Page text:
1. Increased Tax Liability: The most immediate impact is the increased tax liability. The deemed payment, as calculated under IR35, is subject to regular Income Tax and National Insurance contributions as if the worker were an employee. This often results in a higher tax bill compared to what would be paid if the worker were considered self-employed.
  2. Reduced Net Income for Contractors: For contractors caught by IR35, the increase in tax and National Insurance contributions typically leads to a reduction in their take-home pay. This is because they lose the tax efficiencies of working through an intermediary, like a personal service company.
  3. Administrative Burden: Companies engaging contractors must carefully assess whether IR35 applies to each contract. If it does, there is an administrative burden of ensuring compliance with PAYE and National Insurance contributions, similar to regular employment.
  4. Legal and Financial Risks: Both the contractor and the client face legal and financial risks if they incorrectly determine the IR35 status of a contract. If HMRC challenges the status and finds it to be incorrect, there can be backdated tax demands, penalties, and interest charges.
  5. Impact on Contract Negotiations and Rates: The determination of IR35 status can affect contract negotiations. Contractors may seek higher rates to offset the higher tax liabilities, while clients may adjust their approach to contracting to mitigate risks associated with IR35.
  6. Reputational Risk: For businesses, there is also a reputational risk in case of non-compliance with IR35. It can affect their relationship with contractors and their standing in the industry.

Understanding the consequences of IR35 is crucial for both contractors and businesses. It not only affects financial planning but also plays a significant role in how work engagements are structured and negotiated.

Atholl House Productions Ltd v HMRC

The Issues

The matter in dispute was whether the arrangements between the Appellant and the BBC fell under the IR35 rules. If so, the Appellant would be liable for income tax and national insurance contributions as if Ms Adams had been employed by the BBC, for the tax years ending 5 April 2016 and 5 April 2017. The amounts involved for those tax years were significant, with income tax of £81,150.60 and national insurance contributions of £43,290.98 at stake​​.

As set out by the tax judge in the claim:

In order for there to be a relationship of employer and employee: (1) there must be mutuality of obligations; (2) the putative employer must enjoy a degree of control over the putative employee; and (3) the other terms of the contract must be consistent with its being an employment contract“.

The Arguments by the Parties

The parties’ respective positions had been consistent throughout the matter:

  1. Appellant’s Argument: The Appellant, represented by Kaye Adams, argued that the working relationship and contract terms did not fit the employment status under IR35. They highlighted the autonomy and flexibility in her working relationship with the BBC, suggesting an independent contractor status.
  2. HMRC’s Argument: HMRC contended that the nature of the relationship and contractual terms between Ms Adams and the BBC, especially the control and obligation aspects, placed her under the employment category, thus falling within the IR35 legislation.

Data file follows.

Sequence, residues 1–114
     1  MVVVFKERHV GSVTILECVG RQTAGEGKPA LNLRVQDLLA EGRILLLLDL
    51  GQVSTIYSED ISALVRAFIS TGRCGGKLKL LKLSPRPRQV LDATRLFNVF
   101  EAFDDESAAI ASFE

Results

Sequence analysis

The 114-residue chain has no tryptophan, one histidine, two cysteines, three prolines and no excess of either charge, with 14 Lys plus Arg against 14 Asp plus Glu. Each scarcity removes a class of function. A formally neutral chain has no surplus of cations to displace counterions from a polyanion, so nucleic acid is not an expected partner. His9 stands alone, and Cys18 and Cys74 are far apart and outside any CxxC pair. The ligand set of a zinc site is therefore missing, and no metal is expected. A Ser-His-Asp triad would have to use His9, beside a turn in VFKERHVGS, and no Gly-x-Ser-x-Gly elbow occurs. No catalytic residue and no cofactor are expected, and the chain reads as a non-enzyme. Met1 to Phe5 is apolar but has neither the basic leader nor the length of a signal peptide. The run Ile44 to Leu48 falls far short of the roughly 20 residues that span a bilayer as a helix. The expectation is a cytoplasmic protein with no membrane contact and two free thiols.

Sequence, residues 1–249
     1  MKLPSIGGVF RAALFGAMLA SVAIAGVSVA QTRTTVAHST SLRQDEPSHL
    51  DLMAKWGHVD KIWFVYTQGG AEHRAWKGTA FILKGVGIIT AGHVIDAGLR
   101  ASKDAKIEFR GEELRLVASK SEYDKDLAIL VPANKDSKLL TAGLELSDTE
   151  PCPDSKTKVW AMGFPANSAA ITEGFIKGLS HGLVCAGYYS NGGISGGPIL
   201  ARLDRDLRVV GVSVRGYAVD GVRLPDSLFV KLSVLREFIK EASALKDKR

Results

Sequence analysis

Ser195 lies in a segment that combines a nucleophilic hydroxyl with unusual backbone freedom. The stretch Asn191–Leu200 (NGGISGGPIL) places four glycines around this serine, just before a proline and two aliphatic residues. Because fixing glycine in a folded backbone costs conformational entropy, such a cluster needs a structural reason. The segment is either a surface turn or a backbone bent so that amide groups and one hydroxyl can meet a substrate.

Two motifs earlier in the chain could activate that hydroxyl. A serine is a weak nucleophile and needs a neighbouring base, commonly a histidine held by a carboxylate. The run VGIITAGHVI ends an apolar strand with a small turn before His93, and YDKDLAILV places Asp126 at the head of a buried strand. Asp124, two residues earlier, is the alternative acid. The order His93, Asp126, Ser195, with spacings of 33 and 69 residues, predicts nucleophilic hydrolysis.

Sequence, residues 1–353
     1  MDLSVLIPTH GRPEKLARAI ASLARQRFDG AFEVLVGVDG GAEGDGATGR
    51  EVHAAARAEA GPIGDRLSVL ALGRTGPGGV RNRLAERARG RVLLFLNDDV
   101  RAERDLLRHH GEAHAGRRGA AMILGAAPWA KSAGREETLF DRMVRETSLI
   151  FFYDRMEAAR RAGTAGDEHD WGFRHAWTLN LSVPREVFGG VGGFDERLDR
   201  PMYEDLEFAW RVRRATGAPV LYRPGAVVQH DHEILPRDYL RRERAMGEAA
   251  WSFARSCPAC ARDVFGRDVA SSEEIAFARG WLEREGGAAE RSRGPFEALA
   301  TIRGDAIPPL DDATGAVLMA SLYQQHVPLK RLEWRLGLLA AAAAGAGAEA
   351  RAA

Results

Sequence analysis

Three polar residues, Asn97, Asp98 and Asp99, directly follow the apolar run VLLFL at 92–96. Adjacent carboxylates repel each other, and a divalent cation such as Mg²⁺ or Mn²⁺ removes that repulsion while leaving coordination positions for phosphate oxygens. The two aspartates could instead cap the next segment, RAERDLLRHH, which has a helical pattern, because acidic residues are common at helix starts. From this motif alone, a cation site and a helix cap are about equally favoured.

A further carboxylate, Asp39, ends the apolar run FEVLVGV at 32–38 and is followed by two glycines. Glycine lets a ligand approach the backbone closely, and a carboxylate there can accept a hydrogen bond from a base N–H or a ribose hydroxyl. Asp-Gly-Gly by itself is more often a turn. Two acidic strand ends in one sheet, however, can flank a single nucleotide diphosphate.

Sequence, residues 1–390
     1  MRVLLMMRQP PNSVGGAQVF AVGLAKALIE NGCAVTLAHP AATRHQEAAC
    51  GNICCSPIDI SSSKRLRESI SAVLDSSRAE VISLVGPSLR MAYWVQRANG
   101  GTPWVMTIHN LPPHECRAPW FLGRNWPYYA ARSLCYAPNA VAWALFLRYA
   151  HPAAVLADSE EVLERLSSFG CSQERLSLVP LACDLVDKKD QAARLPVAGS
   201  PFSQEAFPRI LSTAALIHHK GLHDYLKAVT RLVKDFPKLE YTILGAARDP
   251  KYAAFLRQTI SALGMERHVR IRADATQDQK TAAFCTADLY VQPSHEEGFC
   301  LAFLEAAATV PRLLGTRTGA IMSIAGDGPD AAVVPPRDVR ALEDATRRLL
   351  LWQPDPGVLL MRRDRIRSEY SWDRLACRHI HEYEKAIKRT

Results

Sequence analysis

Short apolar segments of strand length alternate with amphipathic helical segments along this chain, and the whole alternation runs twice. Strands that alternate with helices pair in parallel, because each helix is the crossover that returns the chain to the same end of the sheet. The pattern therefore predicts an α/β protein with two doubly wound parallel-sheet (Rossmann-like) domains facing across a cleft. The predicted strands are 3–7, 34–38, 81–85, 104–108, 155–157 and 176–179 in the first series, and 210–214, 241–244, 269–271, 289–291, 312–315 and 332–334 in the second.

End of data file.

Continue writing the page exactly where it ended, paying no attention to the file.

The tax tribunal’s decision-making process involved a detailed analysis of the contractual arrangements, evidence presented, and legal interpretations of IR35. The tribunal considered three stages in its analysis:

  1. Stage 1: Understanding the actual contractual terms between the Appellant and the BBC and the relevant circumstances of Ms Adams’s work.
  2. Stage 2: Establishing the terms of the hypothetical contract, what it would have been between Ms Adams and the BBC directly.
  3. Stage 3: Assessing whether the hypothetical contract amounted to a contract of employment under the established legal tests.

The tribunal allowed the appeal, concluding that the contracts in question, if made directly between the end user (BBC) and the individual (Ms Adams), would have been contracts for services and not contracts of employment.

This decision was significant as it determined that IR35 did not apply to the specific arrangements, thereby relieving the Appellant of the substantial tax and NIC liabilities (in total over £120,000).

Reform for IR35 Legislation

The potential scrapping of IR35 legislation has been a topic of much debate over recent years; the legislation is inadequate and causes a lot of uncertainty as it is open to interpretation.

Parliament should provide clearer guidelines and objective criteria to determine employment status. In a recent notable policy shift, Chancellor Kwasi Kwarteng announced plans in September 2022 to repeal IR35 reforms extended to the private sector to stimulate economic activity and address the burdens on businesses.

However, amidst economic concerns and stakeholder feedback, the decision to remove IR35 legislation was reversed in October 2022. Jeremy Hunt, the new Chancellor of the Exchequer, has indicated a reform of IR35 will follow however no specific details have been provided.

Given the contentious nature of IR35 cases and the ongoing lack of clarity on IR35, we may see further high-profile appeals.

Expert IR35 Tax Appeal Lawyers

The Kaye Adams IR35 appeal once again demonstrates the complexities and problems with IR35 legislation, highlighting the need for precise analysis of both written contracts and actual work practices.

The appeal has now been remitted for additional evidence and clarification of contractual and working terms, leading to a reassessment of employment status.

We understand that tax disputes can have serious consequences for you. You can face large penalty payments or even criminal charges if you do not cooperate with HMRC tax investigations. It is therefore vital to get legal advice from our specialist tax lawyers and consultant accountants as soon as possible.

Some of our lawyers are trained mediators and can provide a unique insight into HMRC’s tactics and mindset which can be crucial in negotiations and appeals. Our team of established tax lawyers and mediators have a proven track record of delivering solutions for our high net worth individual and corporate clients. Uniquely, we also have tax consultants that work with our lawyers in-house to ensure that the voluntary disclosure is accurate, and any returns are prepared for you.

Our tax lawyers and accountants have an excellent track record of negotiating on behalf of our clients to ensure that their voluntary disclosure is not only accepted by HMRC based on our calculations, but HMRC have also agreed to waive penalties and interest thereby avoiding any criminal liability for clients.

If you have any concerns about IR35 legislation, please do not hesitate to call our expert tax lawyers today for a Free Consultation on 0207 459 4037 or complete our booking form to discuss your tax issue.